What is a MUD?

From Wikipedia, the free encyclopedia

In online gaming, a MUD (multi-user dungeon), pronounced /m^d/, is a multi-user real-time virtual world described entirely in text. It combines elements of role-playing games, hack and slash, interactive fiction, and online chat. Players can read descriptions of rooms, objects, other players, non-player characters, and actions performed in the virtual world. Players interact with each other and the world by typing commands that resemble a natural language.

Traditional MUDs implement a fantasy world populated by fictional races and monsters, with players being able to choose from a number of classes in order to gain specific skills or powers. The object of this sort of game is to slay monsters, explore a fantasy world, complete quests, go on adventures, create a story by roleplaying, and advance the created character. Many MUDs were fashioned around the dice rolling rules of the Dungeons & Dragons series of games.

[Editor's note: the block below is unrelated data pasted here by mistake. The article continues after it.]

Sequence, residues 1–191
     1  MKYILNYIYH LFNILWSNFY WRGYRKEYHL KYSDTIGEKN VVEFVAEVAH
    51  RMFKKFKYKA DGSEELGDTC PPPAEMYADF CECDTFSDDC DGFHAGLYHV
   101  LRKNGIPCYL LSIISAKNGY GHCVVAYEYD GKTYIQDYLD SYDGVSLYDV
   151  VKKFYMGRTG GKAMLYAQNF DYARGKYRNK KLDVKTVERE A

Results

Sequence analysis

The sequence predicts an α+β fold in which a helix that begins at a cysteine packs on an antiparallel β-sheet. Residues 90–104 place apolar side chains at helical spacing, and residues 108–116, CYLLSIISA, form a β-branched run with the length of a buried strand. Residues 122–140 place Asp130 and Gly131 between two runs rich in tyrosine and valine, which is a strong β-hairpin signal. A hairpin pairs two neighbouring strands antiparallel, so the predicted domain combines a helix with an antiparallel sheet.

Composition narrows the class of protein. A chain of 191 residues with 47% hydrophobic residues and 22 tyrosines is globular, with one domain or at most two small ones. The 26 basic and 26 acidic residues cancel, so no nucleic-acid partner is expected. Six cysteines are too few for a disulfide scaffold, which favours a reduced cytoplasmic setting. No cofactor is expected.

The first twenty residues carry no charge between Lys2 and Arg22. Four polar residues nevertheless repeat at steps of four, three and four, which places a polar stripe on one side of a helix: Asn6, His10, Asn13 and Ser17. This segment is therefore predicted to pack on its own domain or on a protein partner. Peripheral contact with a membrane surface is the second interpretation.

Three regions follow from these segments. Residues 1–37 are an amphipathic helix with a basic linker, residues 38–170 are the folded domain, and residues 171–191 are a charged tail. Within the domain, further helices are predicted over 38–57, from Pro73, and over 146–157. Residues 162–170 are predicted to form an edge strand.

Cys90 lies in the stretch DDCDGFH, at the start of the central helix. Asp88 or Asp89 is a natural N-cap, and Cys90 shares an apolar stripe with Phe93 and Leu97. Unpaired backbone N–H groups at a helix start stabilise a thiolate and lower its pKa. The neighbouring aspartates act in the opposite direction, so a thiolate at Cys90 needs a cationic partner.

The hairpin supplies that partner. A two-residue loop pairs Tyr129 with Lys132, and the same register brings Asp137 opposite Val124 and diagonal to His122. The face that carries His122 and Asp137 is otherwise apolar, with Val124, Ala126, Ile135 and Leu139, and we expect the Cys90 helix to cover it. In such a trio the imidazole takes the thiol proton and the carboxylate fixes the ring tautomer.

Such fantasy settings for MUDs are common, while many others are set in a science fiction.based universe or themed on popular books, movies, animations, history, and so on. Not all MUDs are games; some, more typically those referred to as MOOs, are used in distance education or for virtual conferences. MUDs have attracted the interest of academic scholars from many fields, including communications, sociology, law, and synthetic economies.

Most MUDs are run as hobbies and are free to players; some may accept donations or allow players to purchase virtual items, while others charge a monthly subscription fee. MUDs can be accessed via standard telnet clients, or specialized MUD clients which are designed to improve the user experience. Numerous games are listed at various web portals, like The Mud Connector.

It has been argued that modern games like World of Warcraft, and social virtual worlds such as Second Life can have their origins traced back to the early MUDs.[1] Originally graphical virtual worlds were called graphical MUDs, most notably Everquest, but by 2000 the term MMORPG (massively multiplayer online role-playing game) had become the standard.[2] The MMORPG RuneScape started out as a text-based MUD before graphics were added.[3][4] Many MUDs are still active and a number of influential MMORPG designers, such as Raph Koster, Brad McQuaid,[5] Mark Jacobs, Brian Green, and J. Todd Coleman, began as MUD developers and/or players.